Even as China keeps a tight rein on the property sector, an expected boost in consumer spending is making the retail space especially attractive to investors, say market observers.
A slowdown in the economy, which grew at its slackest pace in more than three years in the second quarter, has not dampened the outlook for domestic consumption. Consumption is estimated to rise to about 45 percent of GDP by 2015 from 36 percent last year. This in turn should boost demand for shopping and entertainment centers, experts tell CNBC.
“There has been some weakness in luxury retail sales across China. (But) what investors and retailers are really focused on, is the strategic, long-term growth in middle, upper-level incomes and more disposable incomes from middle class families,” Nick Axford, Head of Research for Asia Pacific at real estate services firm CBRE told CNBC Asia’s “Squawk Box”.
“That’s going to drive huge demand for consumer goods not just at the luxury end but the mass market end also. And that’s what many of the retail groups are looking to target and that’s why investors are seeing opportunities in that more modern shopping mall space,” he added.
CapitaLand, Southeast Asia’s largest property developer, said late last year that it planned to double the number of shopping malls it has in China to 100.
Hong Kong-listed Hang Lung Properties expects to complete one new shopping mall a year over the next five years in mainland China. It said earlier this year that it expects leasing profits from China to soon surpass those from Hong Kong.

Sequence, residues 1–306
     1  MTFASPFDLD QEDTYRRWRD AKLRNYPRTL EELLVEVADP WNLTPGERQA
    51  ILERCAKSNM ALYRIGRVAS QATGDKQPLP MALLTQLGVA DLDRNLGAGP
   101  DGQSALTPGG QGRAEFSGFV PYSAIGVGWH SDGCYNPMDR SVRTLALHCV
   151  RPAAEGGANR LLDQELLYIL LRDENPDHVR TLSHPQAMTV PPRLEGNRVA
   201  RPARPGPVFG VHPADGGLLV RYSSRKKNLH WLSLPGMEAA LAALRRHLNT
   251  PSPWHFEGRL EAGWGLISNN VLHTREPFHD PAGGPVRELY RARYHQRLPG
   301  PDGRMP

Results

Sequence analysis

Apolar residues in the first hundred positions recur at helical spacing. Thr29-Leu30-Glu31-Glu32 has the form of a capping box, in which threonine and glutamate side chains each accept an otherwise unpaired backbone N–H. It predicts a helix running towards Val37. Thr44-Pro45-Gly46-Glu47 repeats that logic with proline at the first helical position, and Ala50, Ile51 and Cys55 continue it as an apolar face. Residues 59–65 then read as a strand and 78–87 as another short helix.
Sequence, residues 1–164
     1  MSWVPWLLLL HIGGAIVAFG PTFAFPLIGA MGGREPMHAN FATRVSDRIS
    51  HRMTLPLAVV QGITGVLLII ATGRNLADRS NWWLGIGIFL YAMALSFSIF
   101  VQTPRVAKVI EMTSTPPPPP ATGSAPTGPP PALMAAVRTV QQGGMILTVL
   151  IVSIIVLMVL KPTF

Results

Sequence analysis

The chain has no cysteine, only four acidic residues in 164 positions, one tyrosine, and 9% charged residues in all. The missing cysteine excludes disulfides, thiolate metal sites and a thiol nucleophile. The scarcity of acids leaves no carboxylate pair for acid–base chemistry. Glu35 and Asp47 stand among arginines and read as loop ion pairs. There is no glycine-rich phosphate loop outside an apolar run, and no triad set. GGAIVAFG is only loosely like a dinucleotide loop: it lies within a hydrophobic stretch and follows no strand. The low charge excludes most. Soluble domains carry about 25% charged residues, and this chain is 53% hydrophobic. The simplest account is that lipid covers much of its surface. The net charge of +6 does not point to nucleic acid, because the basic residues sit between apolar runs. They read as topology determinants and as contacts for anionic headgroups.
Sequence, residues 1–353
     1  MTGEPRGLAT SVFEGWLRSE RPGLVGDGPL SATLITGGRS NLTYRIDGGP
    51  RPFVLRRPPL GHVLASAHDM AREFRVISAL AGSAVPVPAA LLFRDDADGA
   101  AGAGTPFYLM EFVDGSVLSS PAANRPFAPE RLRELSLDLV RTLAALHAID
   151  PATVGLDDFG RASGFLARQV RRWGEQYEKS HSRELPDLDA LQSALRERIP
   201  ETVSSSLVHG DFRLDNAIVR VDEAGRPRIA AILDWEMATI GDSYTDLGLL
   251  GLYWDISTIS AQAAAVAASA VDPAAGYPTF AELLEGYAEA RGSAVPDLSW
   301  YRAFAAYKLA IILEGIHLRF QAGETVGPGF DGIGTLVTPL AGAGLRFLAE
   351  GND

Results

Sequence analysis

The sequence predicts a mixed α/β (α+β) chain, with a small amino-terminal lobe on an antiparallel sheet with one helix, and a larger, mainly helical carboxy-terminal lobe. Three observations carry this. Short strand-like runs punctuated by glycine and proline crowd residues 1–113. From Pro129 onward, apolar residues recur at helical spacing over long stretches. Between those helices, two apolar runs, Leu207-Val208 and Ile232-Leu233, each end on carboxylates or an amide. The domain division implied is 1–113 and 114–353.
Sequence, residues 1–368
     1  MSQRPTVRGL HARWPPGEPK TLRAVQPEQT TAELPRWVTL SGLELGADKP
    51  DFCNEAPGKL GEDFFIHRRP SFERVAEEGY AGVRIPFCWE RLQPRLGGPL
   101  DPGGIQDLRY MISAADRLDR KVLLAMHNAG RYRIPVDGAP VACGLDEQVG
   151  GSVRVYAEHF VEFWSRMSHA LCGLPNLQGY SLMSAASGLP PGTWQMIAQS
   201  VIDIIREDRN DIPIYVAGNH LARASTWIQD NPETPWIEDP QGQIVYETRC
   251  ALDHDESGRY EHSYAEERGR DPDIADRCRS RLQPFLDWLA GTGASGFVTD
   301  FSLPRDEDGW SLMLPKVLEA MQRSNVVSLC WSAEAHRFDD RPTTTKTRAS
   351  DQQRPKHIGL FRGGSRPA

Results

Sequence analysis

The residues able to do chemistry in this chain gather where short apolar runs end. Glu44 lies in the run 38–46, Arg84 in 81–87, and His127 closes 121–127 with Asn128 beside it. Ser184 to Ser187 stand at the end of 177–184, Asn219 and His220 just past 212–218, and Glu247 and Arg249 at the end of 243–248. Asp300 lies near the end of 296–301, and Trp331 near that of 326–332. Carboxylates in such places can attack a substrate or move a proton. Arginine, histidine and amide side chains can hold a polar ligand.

In recent years, luxury goods companies such as Hermes and food and beverage firms including Starbucks , the world’s biggest coffee chain, have expanded into China betting on increased demand from a growing class of consumers.
Expectations for increased consumer spending have been underpinned by rising wages. The Chinese government has targeted a minimum annual wage growth of about 13 percent in the five years to 2015.
And despite the slowdown in China’s economy, the jobs market is tight, helping to support spending by consumers. And experts say the retail property market is a central part of the consumption story.
“Property is a key thing going forward. China still needs low-cost housing. That means they will be building homes and if you’re building homes and people are buying them and filling them with goods then that is a key part of the domestic consumption story,” said Andrew Sullivan, Principal Sales Trader at Piper Jaffray Asia Securities.
By CNBC's Dhara Ranasinghe